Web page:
More proof that there is more than country in music city.? Nashville-based pop duo Gimm & Icky made an explosion on the club chart earlier this year with the infectious “Shake That.”? The ode to female grinding is a combination of sung/rap vocals over a radio-friendly dance groove with a rock feel. Unlike other tracks of this nature that might be considered to be demeaning to woman, “Shake That” is much more celebratory and respectful with a bit of the tongue-in-cheek, snarky sensibility of their other tracks like “Dump Me” and “Serious Face.”? The plethora of remixes by Jump Smokers, Lynnwood, Dirty Freqs, and Papercha$er take the song in many aggressive electro directions while keeping the fun of the original in place.?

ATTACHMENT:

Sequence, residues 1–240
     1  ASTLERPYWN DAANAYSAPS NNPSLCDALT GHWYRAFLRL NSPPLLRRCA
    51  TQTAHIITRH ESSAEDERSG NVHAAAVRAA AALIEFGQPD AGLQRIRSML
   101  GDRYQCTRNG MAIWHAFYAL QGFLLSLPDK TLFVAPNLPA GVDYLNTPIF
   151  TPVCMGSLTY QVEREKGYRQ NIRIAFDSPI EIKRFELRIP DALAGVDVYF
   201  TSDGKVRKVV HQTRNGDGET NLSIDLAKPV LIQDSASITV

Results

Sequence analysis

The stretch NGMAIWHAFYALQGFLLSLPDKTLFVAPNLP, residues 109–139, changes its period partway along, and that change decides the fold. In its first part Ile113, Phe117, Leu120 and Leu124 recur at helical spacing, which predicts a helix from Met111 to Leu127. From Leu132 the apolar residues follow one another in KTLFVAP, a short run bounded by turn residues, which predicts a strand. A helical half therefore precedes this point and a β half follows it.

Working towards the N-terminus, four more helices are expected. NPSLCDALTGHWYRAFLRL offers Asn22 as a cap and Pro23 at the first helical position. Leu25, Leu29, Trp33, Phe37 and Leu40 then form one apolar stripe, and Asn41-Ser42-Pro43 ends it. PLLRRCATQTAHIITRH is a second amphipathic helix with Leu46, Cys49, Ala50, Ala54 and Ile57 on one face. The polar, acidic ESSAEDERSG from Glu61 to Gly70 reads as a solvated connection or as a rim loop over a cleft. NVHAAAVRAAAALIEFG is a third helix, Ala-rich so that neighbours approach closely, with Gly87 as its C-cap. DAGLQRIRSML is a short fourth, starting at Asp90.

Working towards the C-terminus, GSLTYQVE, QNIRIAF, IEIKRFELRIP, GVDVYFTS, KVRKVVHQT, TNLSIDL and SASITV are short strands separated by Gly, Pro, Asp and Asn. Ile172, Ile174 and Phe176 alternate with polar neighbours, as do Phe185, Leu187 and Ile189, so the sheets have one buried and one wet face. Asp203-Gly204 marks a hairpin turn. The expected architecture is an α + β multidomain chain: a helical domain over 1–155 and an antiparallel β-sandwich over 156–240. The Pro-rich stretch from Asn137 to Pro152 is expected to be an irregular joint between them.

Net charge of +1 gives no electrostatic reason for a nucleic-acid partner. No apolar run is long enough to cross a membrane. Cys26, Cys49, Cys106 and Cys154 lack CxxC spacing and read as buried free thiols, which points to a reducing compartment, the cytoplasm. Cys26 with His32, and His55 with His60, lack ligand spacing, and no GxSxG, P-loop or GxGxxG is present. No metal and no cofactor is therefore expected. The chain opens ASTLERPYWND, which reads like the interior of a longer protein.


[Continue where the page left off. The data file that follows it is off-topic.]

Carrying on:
The first time I heard NiRe Alldai’s debut single “Inside Out,” I was struck by her unique voice – soft and soothing, yet raspy with a subtle power. The vocal hooks were quite strong, and with the club kids-going-Mad Max-themed video, it seemed like a surefire hit. Whereas “Inside Out” was a bit downbeat in tone, her new single “Hella Bad” is much more in your face and aggressive. The track seems like a cross between Swedish House Mafia and ’90s euro (the good stuff, like Culture Beat’s lost classic ‘Metamorphosis’ album, and not the cheesy formulaic kind). Nire’s vocals are more aggressive and punchy, yet still have her unique soft timbre in place. The song will hopefully find its place on commercial radio with its message of female empowerment, demanding respect from a lazy lover. If the song doesn’t hit you immediately, give it a few more listens. You will eventually realize that “Hella Bad” is actually hella good.